Archive for March, 2008

How To Read Our Newsletter and Blog

Saturday, March 29th, 2008

Here is some information on how we put together our Newsletter and Blog posts.  It will help you scan them to find information that is of interest to you.

If you’re a regular reader of the Blog, nearly all the links in the Newsletter are to Blog posts since the previous issue of the Newsletter.  As a Blog reader, what IS new for you in the Newsletter is the feature article provided in the Newsletter text (not a link).  Each featured article averages about 1000 words.  If you were a Blog reader and NOT a newsletter subscriber, you would miss 24 featured articles each year.

If you’re primarily a Newsletter reader and read the Blog posts only through the Newsletter links, the Newsletter allows you to quickly skim and click only on articles of interest.  For example, if you’re only interested in joke contest results…the links are clearly marked and you can quickly find them and skip everything else. 

The articles written for the Newsletter have not previously appeared in the Blog.  After one year, I occasionally review and update some of the Newsletter articles and post them to the Blog for the first time.  The Newsletter subscribers get the information first.  However, most of the Blog posts are first-time articles which have not been previously posted anywhere else and are available to Newsletter readers in the form of links, two weeks after their publication.

Click here to subscribe to the Newsletter

Thanks to all our subscribers.  We appreciate your interest in humor and the kind notes you send our way.  Be sure to let us know if there is anything you’re not seeing that you would enjoy reading about. 

One More Funny Pirate Caption

Tuesday, March 25th, 2008

Okay, now open up and say “aaaarrrrggghhhhh”…

It’s a funny line.  And I meant to include it in the Honorable Mention list.

I also indended to include an explanation with the results post.  And I forgot.  We normally get an average of 400-500 submissions.  And surprisingly, we rarely have duplicates.  In a normal contest we might have one line duplicated in all the entries.  In the pirate contest, over 20 people submitted jokes with “say arrrrrrgh” as the punchline.  Good writing.  I like the line.  The problem with recognizing the line with so many duplications is that when you publish it as a top-three line, 20 other people are thinking “hey, that was MY line!”  Or, as an Honorable Mention, they’re thinking, “there’s my line, but they changed the words a little.”  A second consideration; with so many people submitting the line, it was considered by the judges to be too obvious.  In my opinion, however, it’s good writing and is funny.  I had intended to publish one of the variations as an Honorable Mention with an explanation.  Arrrrrrrgh!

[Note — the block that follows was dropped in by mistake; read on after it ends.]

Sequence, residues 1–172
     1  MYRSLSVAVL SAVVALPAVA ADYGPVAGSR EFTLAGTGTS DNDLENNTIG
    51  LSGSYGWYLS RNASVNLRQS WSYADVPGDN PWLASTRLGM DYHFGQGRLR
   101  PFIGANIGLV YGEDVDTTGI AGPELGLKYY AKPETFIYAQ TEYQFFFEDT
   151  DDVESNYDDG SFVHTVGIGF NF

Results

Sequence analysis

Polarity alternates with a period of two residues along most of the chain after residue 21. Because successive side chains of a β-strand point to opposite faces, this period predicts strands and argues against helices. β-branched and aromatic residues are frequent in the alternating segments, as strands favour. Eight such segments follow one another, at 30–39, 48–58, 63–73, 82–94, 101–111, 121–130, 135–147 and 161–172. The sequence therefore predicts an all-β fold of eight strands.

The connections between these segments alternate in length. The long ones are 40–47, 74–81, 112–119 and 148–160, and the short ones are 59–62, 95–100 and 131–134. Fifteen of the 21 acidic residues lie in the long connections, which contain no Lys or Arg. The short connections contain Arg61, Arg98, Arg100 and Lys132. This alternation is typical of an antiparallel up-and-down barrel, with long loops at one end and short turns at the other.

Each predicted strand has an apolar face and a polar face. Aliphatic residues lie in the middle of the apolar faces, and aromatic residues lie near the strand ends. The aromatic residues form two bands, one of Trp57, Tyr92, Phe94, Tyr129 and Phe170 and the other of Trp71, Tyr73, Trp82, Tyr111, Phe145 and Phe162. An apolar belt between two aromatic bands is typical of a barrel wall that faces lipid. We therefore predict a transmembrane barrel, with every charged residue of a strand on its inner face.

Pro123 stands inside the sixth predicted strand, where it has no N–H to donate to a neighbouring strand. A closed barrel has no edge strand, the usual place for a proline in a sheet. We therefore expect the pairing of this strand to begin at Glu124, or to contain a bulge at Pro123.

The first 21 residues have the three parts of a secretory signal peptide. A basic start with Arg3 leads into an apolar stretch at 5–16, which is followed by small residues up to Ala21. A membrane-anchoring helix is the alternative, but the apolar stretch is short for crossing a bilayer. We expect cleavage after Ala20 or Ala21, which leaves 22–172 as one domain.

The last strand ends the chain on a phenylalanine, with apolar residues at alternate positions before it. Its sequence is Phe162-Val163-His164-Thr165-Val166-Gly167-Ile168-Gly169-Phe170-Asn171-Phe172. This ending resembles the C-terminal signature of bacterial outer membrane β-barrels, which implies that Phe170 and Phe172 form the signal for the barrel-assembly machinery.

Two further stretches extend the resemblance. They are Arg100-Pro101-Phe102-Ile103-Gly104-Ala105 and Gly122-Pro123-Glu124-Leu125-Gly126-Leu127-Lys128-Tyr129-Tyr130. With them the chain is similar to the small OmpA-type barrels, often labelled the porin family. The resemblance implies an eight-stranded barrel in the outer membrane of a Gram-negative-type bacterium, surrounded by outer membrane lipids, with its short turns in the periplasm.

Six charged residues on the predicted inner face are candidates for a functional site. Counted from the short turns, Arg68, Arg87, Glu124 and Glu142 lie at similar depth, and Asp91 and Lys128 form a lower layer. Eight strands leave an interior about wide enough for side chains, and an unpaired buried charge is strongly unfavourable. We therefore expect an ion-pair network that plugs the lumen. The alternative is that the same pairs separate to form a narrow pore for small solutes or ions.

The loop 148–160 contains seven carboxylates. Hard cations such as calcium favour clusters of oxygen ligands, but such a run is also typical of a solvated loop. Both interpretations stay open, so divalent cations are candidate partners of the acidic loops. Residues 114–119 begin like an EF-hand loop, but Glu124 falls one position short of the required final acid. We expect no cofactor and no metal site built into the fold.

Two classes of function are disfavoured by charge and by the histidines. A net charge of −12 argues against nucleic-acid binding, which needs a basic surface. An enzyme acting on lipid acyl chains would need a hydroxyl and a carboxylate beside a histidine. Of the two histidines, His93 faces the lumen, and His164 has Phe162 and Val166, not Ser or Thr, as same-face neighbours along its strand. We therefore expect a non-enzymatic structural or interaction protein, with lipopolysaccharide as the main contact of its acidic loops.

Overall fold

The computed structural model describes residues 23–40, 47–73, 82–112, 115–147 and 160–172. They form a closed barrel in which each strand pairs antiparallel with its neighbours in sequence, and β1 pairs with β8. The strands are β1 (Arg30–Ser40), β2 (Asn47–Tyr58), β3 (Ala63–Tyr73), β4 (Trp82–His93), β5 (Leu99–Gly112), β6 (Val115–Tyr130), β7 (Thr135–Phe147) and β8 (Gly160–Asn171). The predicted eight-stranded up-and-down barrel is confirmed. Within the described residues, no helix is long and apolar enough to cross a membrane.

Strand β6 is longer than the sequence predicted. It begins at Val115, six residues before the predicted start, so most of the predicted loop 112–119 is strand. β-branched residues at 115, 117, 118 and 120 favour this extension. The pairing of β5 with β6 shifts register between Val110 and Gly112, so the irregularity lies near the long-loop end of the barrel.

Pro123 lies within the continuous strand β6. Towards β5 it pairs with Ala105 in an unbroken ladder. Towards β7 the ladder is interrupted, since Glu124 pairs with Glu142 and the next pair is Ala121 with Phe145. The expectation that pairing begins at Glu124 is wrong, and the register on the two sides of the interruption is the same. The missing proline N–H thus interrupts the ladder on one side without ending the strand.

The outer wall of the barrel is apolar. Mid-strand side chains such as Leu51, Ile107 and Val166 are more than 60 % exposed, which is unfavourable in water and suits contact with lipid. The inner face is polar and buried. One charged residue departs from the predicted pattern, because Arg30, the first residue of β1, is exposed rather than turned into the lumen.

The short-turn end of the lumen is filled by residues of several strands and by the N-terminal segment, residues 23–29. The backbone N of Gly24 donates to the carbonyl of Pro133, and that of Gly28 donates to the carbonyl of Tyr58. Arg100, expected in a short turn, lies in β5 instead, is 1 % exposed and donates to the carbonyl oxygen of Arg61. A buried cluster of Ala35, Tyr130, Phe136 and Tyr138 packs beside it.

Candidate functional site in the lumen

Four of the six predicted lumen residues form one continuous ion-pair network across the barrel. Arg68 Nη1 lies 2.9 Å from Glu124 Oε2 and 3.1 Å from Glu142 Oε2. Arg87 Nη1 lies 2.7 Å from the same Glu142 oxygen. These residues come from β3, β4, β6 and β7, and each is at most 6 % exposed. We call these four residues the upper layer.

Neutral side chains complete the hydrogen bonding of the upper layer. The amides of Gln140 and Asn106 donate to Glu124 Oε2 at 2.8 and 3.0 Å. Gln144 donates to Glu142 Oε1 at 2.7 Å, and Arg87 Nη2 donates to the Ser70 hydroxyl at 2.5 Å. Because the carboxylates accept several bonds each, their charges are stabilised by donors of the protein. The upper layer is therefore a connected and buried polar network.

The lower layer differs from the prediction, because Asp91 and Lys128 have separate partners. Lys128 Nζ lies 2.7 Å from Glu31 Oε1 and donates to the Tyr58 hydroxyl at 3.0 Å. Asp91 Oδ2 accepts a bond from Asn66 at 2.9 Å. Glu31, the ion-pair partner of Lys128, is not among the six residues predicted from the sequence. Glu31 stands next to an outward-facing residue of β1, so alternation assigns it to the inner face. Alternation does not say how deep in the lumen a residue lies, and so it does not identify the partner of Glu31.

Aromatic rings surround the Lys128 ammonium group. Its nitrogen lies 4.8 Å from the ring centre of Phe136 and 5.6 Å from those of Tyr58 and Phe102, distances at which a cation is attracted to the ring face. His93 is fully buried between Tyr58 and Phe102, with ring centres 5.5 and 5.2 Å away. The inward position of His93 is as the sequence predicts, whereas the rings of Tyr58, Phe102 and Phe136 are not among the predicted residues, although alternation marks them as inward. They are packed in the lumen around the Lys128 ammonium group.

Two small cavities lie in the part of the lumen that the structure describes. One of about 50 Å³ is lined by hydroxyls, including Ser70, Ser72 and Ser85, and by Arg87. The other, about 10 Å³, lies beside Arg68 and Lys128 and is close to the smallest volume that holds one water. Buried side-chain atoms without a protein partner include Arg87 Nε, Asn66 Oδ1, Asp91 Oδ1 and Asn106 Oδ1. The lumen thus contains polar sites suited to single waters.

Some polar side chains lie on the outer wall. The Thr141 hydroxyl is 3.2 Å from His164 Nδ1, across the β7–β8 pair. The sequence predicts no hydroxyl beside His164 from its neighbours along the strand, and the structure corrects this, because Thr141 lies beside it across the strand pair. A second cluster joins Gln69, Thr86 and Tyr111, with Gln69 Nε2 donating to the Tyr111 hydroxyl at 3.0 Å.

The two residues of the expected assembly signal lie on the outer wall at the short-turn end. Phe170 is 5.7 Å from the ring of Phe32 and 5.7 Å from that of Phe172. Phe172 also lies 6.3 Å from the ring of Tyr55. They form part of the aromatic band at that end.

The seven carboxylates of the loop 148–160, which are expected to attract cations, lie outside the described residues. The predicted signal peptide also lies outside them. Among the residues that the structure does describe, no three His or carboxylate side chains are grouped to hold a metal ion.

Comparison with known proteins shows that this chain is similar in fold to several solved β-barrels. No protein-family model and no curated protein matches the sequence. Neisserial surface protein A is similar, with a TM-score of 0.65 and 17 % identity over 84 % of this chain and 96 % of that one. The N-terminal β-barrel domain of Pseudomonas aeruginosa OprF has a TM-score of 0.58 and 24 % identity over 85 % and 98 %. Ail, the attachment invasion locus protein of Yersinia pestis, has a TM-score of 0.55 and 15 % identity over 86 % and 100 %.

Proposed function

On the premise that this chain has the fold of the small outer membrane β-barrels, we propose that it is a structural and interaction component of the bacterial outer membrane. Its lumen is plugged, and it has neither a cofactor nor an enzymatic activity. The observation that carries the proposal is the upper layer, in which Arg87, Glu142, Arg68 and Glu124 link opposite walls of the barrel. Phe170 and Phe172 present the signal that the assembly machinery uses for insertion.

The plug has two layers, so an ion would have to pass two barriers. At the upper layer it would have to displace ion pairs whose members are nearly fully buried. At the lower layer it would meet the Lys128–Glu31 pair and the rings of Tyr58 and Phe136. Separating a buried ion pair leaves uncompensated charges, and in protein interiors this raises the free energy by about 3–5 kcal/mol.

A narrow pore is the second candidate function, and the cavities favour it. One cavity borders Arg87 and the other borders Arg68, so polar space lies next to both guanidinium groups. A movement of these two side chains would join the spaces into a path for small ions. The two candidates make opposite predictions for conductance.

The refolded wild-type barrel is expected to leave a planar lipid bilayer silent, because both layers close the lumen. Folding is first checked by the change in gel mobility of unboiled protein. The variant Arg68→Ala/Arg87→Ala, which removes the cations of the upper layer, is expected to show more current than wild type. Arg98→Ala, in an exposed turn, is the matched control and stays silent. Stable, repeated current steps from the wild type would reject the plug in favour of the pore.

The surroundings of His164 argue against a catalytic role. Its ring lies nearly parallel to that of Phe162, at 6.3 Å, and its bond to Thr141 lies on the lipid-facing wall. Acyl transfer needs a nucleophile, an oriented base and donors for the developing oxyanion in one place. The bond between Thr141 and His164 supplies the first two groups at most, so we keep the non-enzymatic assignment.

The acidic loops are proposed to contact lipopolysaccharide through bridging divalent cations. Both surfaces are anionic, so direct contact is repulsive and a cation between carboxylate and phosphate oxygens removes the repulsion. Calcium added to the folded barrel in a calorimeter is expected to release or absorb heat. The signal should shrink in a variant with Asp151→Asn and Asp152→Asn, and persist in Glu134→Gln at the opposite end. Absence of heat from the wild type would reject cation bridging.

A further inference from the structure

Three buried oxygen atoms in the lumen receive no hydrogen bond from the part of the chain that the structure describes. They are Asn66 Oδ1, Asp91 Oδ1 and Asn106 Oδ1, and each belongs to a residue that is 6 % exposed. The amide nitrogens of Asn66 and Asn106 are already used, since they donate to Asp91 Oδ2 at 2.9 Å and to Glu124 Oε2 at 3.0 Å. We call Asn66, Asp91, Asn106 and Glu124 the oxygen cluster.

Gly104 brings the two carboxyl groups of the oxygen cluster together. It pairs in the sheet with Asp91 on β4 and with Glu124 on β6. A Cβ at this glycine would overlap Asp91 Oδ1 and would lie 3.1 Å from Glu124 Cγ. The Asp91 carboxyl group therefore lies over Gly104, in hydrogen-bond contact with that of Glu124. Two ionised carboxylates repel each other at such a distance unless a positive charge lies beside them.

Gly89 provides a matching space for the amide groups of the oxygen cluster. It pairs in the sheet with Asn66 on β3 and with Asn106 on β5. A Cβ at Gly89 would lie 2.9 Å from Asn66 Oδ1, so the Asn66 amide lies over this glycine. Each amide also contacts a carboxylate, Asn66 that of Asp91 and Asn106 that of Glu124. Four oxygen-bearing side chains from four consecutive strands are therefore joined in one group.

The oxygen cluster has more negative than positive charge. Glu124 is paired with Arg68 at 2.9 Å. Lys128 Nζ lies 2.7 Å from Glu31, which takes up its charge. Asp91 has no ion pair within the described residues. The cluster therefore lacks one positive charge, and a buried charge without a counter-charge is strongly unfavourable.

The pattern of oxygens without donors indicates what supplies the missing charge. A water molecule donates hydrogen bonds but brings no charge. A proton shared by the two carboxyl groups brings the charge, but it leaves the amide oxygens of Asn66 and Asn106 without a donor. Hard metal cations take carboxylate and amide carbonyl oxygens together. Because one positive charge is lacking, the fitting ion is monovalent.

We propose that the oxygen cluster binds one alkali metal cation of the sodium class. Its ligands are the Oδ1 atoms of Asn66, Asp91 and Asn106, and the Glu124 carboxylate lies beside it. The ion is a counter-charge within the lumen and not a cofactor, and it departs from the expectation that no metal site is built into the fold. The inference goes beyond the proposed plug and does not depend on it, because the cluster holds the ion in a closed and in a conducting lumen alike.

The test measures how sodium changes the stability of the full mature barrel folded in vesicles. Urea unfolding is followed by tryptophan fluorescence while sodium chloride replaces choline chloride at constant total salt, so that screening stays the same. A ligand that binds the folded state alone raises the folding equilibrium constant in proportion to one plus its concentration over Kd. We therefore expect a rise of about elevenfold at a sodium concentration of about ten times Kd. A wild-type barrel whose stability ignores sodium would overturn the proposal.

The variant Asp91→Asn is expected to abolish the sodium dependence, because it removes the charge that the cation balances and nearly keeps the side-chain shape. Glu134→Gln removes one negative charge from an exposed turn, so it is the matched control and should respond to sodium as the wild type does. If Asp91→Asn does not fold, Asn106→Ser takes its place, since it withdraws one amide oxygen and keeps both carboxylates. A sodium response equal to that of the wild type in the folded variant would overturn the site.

The full results post immediately follows this post.

Writing Humor — Creative Caption Contest

Tuesday, March 25th, 2008

Here are the results of the Pirate Cartoon Caption Contest featuring the artwork of Dan Rosandich.

There were lots of great lines, making the judging difficult.  Congratulations to the winners.

Our next caption contest will be announced on April 1.

And mid-month, our next Joke Writing Contest will be announced on April 15.

Here are the top lines:

** FIRST PLACE **

You have lost a leg, a hand and an eye… and you want to know if this will hurt?
     Tim Dumas, Raleigh, North Carolina, USA

** SECOND PLACE **

So, what do you do for a living?
     Les Harden, Brisbane, Australia

** THIRD PLACE **

How long have you worked for Disney?
     Cindy Tebo, Catawissa, Missouri, USA
 
HONORABLE MENTION (in random order)

You picked a bad day to be Johnny Depp’s stand in.